Al-Qaeda’s latest alleged number three leader, Mustafa Abu al-Yazid, is apparently killed in a CIA drone strike in Pakistan’s tribal region. Media reports say nine others are killed in the village of Boya near Miran Shah, North Waziristan. A statement posted on an al-Qaeda website will later confirm al-Yazid’s death along with that of his wife, three daughters, and others. Al-Yazid, an Egyptian also often called Sheik Saiid al-Masri, was one of the founding members of al-Qaeda, and a member of the group’s Shura Council ever since then. He was al-Qaeda’s chief financial officer while living with Osama bin Laden in Sudan and then Afghanistan in the 1990s. In 2007, he emerged after years of hiding and revealed in a released video that he was in charge of al-Qaeda’s operations in Afghanistan. A US official says he was “the group’s chief operating officer, with a hand in everything from finances to operational planning. He was also the organization’s prime conduit to Osama bin Laden and Ayman al-Zawahiri. He was key to al-Qaeda’s command and control.” Former National Security Council counterterrorism official Roger Cressey even says: “In some respects, [his] death is more important for al-Qaeda operations than if bin Laden or al-Zawahiri was killed. Any al-Qaeda operation of any consequence would run through him.” (MSNBC 6/1/2010)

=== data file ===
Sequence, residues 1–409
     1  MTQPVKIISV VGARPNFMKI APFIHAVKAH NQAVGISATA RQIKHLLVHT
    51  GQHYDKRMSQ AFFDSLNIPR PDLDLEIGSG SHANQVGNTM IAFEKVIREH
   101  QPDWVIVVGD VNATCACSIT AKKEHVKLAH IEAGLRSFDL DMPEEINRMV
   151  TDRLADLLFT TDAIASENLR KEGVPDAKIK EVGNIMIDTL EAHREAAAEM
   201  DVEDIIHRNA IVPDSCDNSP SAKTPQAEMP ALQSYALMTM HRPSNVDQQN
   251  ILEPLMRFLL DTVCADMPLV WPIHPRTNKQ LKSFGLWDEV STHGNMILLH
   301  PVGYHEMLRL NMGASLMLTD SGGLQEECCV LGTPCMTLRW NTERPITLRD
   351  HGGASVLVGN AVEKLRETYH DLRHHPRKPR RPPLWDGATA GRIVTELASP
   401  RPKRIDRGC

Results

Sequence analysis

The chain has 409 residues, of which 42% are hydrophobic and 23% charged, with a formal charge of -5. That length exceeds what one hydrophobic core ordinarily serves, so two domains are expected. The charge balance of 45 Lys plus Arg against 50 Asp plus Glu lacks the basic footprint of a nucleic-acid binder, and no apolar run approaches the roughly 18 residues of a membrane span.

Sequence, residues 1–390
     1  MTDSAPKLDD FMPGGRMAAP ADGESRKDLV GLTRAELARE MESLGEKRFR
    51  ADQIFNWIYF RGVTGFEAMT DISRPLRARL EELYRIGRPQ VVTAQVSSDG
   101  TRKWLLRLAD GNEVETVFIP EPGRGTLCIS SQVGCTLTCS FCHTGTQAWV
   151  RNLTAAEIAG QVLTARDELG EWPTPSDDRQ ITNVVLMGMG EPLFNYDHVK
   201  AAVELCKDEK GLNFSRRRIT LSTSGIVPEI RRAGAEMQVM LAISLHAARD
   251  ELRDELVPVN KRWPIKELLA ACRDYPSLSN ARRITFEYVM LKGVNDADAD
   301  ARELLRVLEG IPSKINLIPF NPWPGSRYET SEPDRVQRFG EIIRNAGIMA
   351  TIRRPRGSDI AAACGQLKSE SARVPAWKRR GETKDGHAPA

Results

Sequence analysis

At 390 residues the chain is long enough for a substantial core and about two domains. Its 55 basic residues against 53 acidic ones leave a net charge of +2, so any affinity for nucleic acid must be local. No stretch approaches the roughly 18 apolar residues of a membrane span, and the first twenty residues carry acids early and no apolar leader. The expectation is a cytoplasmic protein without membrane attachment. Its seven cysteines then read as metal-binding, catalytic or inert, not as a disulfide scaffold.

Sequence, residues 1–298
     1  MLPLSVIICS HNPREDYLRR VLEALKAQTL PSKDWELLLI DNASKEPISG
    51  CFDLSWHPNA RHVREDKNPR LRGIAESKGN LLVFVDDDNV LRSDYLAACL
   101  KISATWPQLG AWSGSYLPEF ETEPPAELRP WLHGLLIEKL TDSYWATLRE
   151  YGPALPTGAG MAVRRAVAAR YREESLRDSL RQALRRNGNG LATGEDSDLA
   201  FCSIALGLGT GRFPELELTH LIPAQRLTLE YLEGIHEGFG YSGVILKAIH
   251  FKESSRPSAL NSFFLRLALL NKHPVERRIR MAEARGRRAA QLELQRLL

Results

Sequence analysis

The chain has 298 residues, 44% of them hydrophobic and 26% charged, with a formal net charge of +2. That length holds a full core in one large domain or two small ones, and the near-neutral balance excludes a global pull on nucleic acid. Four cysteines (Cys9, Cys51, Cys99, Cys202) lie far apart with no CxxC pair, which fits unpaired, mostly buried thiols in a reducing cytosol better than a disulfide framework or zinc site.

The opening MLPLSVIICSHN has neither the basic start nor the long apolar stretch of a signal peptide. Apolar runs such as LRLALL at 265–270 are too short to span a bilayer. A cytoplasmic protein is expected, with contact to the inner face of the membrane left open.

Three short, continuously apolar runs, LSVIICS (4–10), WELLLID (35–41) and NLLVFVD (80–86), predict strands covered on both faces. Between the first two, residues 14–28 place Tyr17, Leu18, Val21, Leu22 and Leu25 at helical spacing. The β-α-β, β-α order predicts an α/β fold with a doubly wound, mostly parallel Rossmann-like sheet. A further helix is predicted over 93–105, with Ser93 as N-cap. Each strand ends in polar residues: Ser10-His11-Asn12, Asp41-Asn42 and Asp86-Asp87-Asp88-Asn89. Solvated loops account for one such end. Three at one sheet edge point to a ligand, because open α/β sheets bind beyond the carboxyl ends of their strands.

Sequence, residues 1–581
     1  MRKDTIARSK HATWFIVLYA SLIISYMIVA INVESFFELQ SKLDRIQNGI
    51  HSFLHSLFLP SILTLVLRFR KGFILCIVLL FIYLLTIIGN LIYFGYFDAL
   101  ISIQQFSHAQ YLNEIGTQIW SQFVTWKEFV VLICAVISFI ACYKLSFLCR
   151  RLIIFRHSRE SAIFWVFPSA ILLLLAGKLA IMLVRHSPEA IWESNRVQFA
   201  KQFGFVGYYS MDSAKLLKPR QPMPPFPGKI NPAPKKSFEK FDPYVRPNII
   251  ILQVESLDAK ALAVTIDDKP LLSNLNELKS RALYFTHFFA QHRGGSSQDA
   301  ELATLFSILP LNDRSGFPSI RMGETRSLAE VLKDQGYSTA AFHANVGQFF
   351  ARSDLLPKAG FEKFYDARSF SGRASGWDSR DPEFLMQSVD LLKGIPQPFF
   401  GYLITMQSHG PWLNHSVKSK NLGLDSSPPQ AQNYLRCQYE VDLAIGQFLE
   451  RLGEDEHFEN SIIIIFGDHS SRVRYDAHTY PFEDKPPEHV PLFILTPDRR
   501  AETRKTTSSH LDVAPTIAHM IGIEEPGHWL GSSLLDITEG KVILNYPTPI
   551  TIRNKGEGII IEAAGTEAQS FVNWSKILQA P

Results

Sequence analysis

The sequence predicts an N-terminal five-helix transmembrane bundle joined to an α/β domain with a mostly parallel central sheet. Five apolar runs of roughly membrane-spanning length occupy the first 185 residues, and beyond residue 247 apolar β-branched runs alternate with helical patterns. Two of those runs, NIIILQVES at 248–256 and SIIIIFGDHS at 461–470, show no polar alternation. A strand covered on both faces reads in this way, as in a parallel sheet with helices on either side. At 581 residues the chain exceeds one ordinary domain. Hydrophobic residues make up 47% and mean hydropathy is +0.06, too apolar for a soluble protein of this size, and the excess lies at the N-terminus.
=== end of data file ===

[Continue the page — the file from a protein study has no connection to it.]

Dakota Meyer, an inactive reserve Marine sergeant (see May 2010), goes to work for AUSGAR Technologies in June 2010 and stays there until March 2011, at which time he goes to work for BAE Systems OASYS, LLC (see March 2011). His work at AUSGAR largely consists of training troops to locate improvised explosive devices (IEDs) with thermal imaging and optical equipment, tools that are most often used by snipers. (District Court of Bexar County, TX 11/28/2011; Barnes 11/29/2011)

According to ABC News, beginning in August 2010, the US begins flying a stealth drone over the newly discovered compound in Abbottabad, Pakistan, where intelligence experts have discovered Osama bin Laden is probably secretly hiding (see August 1, 2010). The drone is of a new type, and very little is known about it. Crucially, it is able to fly above Pakistan undetected by Pakistan’s air defenses, allowing the US to keep its interest in the town and compound a secret. (Cole 5/19/2011) In March 2011, a US strike force will assault the compound and kill bin Laden (see May 2, 2011).